Professor of Public Policy at the Goldman School of Public Policy, University of California, Berkeley, Michael O'Hare was raised in New York City and trained at Harvard as an architect and structural engineer. Diverted from an honest career designing buildings by the offer of a job in which he could think about anything he wanted to and spend his time with very smart and curious young people, he fell among economists and such like, and continues to benefit from their generosity with on-the-job social science training. He has followed the process and principles of design into "nonphysical environments" such as production processes in organizations, regulation, and information management and published a variety of research in environmental policy, government policy towards the arts, and management, with special interests in energy, facility siting, information and perceptions in public choice and work environments, and policy design. His current research is focused on transportation biofuels and their effects on global land use, food security, and international trade; regulatory policy in the face of scientific uncertainty; and, after a three-decade hiatus, on NIMBY conflicts afflicting high speed rail right-of-way and nuclear waste disposal sites. He is also a regular writer on pedagogy, especially teaching in professional education, and co-edited the "Curriculum and Case Notes" section of the Journal of Policy Analysis and Management. Between faculty appointments at the MIT Department of Urban Studies and Planning and the John F. Kennedy School of Government at Harvard, he was director of policy analysis at the Massachusetts Executive Office of Environmental Affairs. He has had visiting appointments at Università Bocconi in Milan and the National University of Singapore and teaches regularly in the Goldman School's executive (mid-career) programs. At GSPP, O'Hare has taught a studio course in Program and Policy Design, Arts and Cultural Policy, Public Management, the pedagogy course for graduate student instructors, Quantitative Methods, Environmental Policy, and the introduction to public policy for its undergraduate minor, which he supervises. Generally, he considers himself the school's resident expert in any subject in which there is no such thing as real expertise (a recent project concerned the governance and design of California county fairs), but is secure in the distinction of being the only faculty member with a metal lathe in his basement and a 4×5 Ebony view camera. At the moment, he would rather be making something with his hands than writing this blurb.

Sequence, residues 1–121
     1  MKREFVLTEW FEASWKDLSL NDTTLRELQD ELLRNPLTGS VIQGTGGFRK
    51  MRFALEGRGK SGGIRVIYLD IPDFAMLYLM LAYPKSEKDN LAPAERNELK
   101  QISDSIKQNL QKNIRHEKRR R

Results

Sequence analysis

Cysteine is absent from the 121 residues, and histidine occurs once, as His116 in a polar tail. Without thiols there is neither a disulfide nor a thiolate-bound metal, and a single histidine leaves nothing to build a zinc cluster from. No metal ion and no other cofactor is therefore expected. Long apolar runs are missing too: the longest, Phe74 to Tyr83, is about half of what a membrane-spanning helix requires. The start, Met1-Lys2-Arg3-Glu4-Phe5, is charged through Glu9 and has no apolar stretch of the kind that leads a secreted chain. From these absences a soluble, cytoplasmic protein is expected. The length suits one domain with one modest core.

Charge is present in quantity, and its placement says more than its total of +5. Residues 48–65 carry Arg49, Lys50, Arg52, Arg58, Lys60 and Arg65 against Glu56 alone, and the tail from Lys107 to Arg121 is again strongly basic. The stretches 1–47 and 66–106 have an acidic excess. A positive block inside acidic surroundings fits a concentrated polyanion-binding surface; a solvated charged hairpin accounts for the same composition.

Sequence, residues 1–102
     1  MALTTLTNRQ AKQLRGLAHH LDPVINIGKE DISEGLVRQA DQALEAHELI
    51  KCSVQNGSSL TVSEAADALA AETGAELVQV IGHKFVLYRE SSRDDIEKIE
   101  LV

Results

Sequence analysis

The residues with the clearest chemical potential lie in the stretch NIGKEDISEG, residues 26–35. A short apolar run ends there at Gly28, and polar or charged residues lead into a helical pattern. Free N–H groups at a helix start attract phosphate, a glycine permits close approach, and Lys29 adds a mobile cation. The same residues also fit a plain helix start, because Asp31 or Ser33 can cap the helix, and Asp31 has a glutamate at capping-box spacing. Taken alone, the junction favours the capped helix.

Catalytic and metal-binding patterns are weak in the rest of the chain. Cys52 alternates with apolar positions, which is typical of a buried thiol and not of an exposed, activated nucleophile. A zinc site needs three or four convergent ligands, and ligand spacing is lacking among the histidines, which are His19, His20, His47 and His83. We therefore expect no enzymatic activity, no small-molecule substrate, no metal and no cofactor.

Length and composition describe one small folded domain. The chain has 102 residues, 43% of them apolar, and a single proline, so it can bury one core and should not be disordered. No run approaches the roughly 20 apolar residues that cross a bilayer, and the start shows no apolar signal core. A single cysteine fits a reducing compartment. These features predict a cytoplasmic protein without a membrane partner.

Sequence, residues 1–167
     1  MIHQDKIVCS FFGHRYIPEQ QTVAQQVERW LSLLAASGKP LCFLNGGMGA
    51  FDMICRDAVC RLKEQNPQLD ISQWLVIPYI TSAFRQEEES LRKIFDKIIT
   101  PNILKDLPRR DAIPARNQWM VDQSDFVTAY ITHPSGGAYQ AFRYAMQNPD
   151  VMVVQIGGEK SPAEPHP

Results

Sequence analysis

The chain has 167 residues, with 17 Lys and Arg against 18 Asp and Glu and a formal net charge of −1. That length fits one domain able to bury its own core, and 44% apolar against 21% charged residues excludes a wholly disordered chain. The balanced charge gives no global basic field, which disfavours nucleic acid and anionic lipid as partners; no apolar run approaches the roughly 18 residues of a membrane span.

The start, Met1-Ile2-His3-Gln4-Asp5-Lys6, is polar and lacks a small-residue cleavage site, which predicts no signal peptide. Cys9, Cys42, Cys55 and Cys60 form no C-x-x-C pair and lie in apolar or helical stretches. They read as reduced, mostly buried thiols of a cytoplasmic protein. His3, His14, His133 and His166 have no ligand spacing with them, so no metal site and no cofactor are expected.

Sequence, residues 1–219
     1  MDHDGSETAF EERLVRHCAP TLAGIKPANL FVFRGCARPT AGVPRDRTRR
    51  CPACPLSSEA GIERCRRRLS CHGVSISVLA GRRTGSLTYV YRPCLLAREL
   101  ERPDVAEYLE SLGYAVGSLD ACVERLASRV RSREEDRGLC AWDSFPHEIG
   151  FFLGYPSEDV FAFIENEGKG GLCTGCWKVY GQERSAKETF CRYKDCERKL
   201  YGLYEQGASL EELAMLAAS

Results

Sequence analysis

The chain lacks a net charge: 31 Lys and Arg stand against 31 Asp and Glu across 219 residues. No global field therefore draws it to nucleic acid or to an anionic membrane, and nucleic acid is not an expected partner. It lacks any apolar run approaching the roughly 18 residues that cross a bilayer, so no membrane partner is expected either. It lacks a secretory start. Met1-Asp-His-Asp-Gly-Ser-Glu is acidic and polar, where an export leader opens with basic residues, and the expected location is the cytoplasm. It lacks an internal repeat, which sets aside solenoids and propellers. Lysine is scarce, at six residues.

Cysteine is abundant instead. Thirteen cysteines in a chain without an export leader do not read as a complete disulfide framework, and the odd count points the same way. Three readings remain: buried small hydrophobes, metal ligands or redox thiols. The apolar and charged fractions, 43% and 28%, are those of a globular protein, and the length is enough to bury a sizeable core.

3 thoughts on “Chinese bishops”

  1. This is only one of several brilliant posts this morning — is it a Sabbath thing?
    This ties closely to the post above, of course — about power & learning — it deserves to be written in letters of gold!

  2. I'd say that it is important that lots of us don't, in fact, need policy. We're too busy building things. Oddly, and for various reasons, many of us (those of us who can handle a new language) small business types are considering moving. Scandanavia is looking very interesting to us squishy individualists, as we start contemplating turning 40.
    I'm portable, as is the service I provide. And I could care less about kids.